Re: interchanged head end cars
Andy Miller <asmiller@...>
In addition to the mail and express business mentioned by several othertoggle quoted message Show quoted text
posters, one other common cargo caused baggage cars to roam nation-wide.
That was magazines. The printing plants for such steam era favorites as
Life, Look, Colliers, and the Saturday Evening Post were heavily
concentrated in Ohio and mostly serviced by the PRR. They were invariably
handled in passenger train as they were time-sensitive cargo. There would be
weekly loads of magazines for all parts of the country and they would be
loaded into B60b baggage cars (soon to be available from Walthers) and/or
X29 box cars in express service (necessary freight car content). Red
Caboose has had an excellent kit for this car for some time. Foreign (to
the PRR) baggage cars might also be used if they were available, to get them
off the line and headed home.
Does anyone know if this business was handled by the REA or did the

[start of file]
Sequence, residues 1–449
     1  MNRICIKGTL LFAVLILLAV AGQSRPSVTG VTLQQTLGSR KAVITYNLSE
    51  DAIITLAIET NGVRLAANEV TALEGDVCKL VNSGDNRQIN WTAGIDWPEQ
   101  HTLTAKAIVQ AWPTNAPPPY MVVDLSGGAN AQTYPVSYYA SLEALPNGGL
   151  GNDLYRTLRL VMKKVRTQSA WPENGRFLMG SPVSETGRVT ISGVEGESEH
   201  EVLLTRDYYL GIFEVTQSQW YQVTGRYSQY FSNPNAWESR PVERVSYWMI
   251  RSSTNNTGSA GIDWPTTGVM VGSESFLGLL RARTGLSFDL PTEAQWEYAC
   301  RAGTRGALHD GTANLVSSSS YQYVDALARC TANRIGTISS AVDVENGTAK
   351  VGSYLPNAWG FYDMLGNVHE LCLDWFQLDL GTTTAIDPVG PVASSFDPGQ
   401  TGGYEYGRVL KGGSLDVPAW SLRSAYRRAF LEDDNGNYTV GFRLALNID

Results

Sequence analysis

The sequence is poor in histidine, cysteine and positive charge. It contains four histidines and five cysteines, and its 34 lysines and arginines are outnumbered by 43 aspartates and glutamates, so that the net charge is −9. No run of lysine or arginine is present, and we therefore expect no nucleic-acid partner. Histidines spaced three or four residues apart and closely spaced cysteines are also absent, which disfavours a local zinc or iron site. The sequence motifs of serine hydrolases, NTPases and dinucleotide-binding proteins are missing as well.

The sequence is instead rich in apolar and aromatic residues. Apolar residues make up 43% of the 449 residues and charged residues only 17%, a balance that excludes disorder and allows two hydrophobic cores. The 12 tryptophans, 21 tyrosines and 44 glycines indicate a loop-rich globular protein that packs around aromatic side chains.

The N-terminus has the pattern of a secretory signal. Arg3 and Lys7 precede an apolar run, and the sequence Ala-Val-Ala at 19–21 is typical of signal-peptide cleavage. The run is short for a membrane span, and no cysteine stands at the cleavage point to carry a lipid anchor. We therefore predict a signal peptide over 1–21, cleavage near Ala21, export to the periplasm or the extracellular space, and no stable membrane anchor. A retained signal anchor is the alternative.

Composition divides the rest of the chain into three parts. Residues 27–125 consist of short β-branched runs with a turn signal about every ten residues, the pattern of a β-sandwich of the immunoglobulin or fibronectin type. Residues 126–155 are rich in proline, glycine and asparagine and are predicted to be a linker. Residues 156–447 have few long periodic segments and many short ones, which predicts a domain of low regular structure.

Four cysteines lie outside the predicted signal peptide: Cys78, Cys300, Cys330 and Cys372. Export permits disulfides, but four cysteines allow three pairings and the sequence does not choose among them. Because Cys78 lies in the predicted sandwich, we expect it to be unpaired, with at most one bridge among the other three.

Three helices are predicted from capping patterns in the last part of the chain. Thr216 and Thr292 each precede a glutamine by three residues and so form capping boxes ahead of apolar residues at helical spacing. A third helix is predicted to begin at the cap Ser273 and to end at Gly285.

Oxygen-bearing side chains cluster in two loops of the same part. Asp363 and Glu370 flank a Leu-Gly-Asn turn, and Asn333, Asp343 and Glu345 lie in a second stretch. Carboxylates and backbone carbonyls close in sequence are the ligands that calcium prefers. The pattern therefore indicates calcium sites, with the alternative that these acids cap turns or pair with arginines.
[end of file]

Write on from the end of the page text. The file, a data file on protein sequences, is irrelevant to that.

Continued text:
publishers have such a large volume of regular traffic that they could ship
the magazines themselves to their own distributors across the country?
From: STMFC@... [mailto:STMFC@...] On Behalf Of
Sent: Monday, May 02, 2005 11:42 AM
Subject: [STMFC] interchanged head end cars
How common were foreign road head end cars? In the last year or 2 RMC had an
article on a train in eastern PA which had mail and express cars from
several different railroads. I would have thought that this was uncommon.
A few days ago Mike Brock said that UP baggage cars (or mail cars?) were
seen in NYC. Was this routine or once in a while, like for Christmas?
Is anyone familiar with similar cars?
Except for east coast/west coast trade (LA/NYC, SF/NYC etc.), traffic
between most pairs of large cities could be serviced by one railroad
(Chicago-NYC - Erie, Chicago-Boston - NYC, St. Louis-NYC - PRR, etc.)